NIFTY 50

Morgan Stanley overweight on India; Sensex target at 55,000

Updated : July 20, 2021 10:03:44 IST

Morgan Stanley does not expect foreign institutional investor (FII) flows to impact Indian equities, Jonathan Garner, chief Asia & emerging markets equity strategist, told CNBC-TV18.

“We are starting to see outflows more generally from global emerging market funds. I should say at the outset that we are running a small overweight on India, so it’s not one of the markets that we are more concerned about; domestic liquidity conditions remain quite favourable in the Indian market and it’s not particularly expensive. So, we do have a modest upside to the Sensex target. Therefore, I wouldn’t expect India to bear the brunt of outflows,” he said.

“For emerging markets, we are quite close to our base case target now; there is 1-2 percent downside and as I said, the Sensex target of 55,000 gives us modest mid-single-digit upside. So, there is enough there to be positive on India within EMs, and we also like Singapore within the Association of Southeast Asian Nations (ASEAN) group and we like Australia,” he mentioned.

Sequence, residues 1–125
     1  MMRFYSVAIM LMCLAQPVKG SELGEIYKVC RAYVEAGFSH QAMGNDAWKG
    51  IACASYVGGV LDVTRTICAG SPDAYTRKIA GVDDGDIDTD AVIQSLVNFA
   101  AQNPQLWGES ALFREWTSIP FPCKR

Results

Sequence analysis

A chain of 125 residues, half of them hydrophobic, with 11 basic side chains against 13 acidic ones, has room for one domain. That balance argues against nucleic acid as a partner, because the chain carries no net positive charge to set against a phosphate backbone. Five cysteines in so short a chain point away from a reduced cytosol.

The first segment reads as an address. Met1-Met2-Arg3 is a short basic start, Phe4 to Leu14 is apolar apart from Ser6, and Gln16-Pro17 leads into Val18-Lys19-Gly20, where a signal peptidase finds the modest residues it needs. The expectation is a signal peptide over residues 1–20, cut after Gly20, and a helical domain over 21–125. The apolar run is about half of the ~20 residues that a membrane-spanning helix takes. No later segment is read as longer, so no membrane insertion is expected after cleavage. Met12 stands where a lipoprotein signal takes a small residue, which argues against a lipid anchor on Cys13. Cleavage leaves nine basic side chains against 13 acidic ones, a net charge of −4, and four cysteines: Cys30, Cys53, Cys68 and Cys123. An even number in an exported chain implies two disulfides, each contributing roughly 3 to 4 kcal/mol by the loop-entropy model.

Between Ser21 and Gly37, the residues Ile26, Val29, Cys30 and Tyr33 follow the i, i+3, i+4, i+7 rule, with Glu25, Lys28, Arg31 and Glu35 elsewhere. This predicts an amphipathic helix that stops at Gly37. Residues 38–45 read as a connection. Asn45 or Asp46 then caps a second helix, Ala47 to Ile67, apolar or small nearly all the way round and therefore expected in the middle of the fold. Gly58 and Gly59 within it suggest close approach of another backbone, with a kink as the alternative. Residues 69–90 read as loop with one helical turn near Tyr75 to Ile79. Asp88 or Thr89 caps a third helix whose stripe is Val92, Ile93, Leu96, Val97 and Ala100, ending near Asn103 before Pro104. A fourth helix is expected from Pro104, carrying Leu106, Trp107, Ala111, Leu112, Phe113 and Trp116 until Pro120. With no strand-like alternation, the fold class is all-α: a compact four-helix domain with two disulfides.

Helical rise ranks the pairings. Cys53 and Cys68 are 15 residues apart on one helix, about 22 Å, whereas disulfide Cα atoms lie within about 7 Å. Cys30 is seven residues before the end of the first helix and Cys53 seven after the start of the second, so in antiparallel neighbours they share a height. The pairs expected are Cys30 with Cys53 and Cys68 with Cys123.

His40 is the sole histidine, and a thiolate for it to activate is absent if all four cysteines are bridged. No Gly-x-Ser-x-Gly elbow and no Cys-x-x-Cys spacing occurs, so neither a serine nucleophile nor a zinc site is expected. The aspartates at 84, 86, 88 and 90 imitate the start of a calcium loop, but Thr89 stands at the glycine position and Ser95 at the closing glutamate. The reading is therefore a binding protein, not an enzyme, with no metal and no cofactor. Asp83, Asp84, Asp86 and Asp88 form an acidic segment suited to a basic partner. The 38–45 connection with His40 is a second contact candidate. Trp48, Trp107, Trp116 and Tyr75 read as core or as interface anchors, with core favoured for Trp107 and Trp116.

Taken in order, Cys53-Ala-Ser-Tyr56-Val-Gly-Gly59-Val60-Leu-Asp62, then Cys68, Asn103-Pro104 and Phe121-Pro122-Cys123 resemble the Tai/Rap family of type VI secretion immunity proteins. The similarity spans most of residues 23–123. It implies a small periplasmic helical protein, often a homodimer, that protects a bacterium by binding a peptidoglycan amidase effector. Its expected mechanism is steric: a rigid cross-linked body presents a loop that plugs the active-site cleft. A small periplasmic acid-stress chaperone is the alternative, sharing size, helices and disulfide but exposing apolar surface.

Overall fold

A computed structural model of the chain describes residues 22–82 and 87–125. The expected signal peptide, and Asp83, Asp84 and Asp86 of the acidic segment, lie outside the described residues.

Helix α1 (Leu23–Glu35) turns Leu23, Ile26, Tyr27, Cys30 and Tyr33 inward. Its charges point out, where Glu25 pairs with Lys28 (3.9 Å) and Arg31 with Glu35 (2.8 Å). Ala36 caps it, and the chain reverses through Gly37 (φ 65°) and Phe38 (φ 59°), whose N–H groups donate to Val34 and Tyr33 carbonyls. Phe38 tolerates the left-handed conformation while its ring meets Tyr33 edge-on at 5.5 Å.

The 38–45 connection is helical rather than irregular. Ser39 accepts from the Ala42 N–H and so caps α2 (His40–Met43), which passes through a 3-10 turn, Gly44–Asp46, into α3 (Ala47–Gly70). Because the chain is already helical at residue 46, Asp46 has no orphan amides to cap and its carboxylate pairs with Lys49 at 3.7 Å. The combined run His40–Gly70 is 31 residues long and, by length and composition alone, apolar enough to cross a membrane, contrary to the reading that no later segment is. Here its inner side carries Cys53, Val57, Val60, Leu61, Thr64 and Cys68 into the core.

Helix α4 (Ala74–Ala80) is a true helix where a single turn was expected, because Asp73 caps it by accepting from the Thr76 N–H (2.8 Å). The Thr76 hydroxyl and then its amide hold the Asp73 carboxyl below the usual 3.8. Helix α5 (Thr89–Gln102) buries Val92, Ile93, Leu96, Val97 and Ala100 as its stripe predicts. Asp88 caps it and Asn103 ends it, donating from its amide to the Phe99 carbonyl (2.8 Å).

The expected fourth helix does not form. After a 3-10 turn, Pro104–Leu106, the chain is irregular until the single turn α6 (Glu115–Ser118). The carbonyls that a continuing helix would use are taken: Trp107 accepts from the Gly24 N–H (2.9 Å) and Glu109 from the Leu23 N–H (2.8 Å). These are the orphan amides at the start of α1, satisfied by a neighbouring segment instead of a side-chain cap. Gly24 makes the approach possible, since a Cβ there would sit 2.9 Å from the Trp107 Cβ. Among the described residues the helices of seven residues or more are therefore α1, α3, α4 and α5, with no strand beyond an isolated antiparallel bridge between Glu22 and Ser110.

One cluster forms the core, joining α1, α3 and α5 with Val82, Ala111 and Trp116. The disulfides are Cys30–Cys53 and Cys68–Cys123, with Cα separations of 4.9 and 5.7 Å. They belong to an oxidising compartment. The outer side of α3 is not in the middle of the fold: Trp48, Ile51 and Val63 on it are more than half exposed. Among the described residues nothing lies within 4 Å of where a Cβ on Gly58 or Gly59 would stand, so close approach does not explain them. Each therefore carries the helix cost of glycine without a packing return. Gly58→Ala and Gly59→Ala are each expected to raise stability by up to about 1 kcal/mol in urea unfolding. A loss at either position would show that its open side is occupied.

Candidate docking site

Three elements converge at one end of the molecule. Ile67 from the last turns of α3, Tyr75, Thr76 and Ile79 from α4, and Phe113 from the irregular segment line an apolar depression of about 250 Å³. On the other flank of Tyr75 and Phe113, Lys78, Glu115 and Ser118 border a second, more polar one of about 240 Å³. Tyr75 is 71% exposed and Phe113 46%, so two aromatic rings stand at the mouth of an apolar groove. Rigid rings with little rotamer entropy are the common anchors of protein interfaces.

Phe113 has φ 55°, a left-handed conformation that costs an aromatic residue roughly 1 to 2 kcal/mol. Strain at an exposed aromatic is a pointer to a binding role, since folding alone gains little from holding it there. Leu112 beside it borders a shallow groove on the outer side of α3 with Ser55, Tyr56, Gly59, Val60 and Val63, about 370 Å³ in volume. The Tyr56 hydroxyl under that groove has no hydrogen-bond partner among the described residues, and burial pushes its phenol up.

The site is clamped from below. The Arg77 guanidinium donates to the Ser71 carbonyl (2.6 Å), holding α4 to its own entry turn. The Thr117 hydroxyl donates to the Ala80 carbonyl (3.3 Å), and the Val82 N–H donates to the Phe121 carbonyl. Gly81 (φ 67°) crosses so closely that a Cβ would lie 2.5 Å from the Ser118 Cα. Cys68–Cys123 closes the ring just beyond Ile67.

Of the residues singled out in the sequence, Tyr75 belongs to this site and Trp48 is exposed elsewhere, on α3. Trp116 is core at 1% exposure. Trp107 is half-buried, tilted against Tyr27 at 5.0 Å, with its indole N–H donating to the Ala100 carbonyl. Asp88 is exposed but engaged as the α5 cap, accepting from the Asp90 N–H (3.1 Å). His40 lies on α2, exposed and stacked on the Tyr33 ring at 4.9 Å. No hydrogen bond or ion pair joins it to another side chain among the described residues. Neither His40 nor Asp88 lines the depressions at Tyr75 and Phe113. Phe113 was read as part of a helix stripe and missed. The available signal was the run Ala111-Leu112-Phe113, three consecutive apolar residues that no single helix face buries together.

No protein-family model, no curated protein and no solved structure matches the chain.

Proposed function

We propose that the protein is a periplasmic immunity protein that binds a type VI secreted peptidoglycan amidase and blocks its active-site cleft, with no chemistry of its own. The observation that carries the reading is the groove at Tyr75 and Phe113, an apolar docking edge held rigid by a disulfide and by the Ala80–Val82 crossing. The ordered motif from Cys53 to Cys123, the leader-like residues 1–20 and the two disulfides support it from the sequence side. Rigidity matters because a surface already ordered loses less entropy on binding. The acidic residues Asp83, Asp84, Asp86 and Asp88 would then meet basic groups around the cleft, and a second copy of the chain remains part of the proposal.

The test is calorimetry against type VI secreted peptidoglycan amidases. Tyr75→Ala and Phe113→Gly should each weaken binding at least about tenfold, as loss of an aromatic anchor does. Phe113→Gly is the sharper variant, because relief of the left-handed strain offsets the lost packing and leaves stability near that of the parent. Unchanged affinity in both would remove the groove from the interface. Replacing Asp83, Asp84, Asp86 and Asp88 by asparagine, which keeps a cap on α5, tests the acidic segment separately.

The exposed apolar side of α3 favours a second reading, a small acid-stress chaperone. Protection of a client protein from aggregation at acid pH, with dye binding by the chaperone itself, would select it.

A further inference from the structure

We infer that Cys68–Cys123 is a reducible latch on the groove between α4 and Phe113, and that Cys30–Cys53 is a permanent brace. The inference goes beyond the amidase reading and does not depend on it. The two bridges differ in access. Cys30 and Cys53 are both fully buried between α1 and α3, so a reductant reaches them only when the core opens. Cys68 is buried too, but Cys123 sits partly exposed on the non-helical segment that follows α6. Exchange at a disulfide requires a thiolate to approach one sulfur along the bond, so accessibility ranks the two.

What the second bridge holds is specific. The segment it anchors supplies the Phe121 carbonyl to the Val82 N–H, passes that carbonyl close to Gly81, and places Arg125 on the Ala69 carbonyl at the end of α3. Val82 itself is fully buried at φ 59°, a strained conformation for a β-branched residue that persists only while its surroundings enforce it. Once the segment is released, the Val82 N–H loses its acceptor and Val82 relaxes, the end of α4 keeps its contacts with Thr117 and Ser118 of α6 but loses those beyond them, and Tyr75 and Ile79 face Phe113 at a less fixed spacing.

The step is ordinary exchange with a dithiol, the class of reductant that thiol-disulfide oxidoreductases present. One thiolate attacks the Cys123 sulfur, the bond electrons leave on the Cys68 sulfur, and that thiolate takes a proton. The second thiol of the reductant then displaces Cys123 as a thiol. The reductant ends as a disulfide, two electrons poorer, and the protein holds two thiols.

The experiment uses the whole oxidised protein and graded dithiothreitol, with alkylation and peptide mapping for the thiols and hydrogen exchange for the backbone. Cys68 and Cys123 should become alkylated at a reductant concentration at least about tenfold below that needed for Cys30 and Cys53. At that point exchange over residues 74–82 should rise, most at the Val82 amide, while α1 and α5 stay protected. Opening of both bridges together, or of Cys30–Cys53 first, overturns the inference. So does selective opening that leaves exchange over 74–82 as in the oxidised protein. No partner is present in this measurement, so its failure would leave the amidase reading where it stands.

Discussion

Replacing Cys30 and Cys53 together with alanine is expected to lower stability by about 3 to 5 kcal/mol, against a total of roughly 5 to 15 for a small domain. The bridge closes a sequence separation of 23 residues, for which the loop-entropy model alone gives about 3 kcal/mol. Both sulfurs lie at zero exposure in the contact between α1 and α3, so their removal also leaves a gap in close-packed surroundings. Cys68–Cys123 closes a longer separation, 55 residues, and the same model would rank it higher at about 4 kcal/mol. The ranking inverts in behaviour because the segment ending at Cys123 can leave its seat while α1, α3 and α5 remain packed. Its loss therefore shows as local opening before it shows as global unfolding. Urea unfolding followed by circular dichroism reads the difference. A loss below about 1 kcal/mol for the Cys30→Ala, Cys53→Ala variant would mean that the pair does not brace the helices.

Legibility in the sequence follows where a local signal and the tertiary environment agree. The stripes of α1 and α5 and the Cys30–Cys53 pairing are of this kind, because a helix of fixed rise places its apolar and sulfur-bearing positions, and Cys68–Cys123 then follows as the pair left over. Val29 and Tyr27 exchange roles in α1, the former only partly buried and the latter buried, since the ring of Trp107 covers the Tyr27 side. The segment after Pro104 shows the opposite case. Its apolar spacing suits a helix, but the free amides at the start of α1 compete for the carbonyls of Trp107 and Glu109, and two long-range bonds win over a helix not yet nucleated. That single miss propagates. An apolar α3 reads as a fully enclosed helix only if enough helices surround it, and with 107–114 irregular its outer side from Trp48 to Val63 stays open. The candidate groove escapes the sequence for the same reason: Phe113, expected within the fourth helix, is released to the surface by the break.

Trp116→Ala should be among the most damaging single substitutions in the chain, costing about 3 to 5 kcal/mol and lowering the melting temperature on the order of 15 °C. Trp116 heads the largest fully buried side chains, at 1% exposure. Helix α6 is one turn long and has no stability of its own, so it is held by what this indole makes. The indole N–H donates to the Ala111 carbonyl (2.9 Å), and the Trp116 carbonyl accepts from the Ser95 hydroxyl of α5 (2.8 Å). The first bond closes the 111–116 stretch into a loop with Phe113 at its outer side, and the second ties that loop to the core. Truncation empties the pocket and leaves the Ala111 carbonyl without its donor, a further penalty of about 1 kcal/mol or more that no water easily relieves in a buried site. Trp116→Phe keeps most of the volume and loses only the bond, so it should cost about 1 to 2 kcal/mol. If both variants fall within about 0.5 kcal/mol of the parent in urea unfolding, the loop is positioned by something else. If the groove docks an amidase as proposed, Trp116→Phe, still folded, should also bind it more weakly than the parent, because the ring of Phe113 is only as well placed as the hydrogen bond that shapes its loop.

On emerging markets, Garner said, “We have not been bullish on emerging markets for a considerable time but we did cut our target prices further about ten days ago. There is a difficult cocktail of issues; one of which is the delta variant (COVID-19), but also the tightening of financial conditions in China is very important for the region’s growth.”

“Across Asia, we have not really had a fully-fledged consumer recovery since COVID began. The strength has been in traded goods sectors and manufactured goods exports. The trouble there, however, is that those stocks which are in the north Asia part of our coverage are extremely fully valued because that part of the world economy has done well for a considerable time,” he said.

The stocks on Wall Street fell as much as 2 percent on Monday, July 19, with the Dow posting its worst day in nine months, as a rise in worldwide coronavirus cases and increasing US deaths drove investors out of risky assets, crushing bond yields and share prices.

On global markets, Garner said, “The effects of the pandemic will be long-lasting, high levels of debt, adverse demography, quite weak productivity growth and fundamentally, structurally disinflationary; and the near-term issue is delta variant.”

For the entire interview, watch the video
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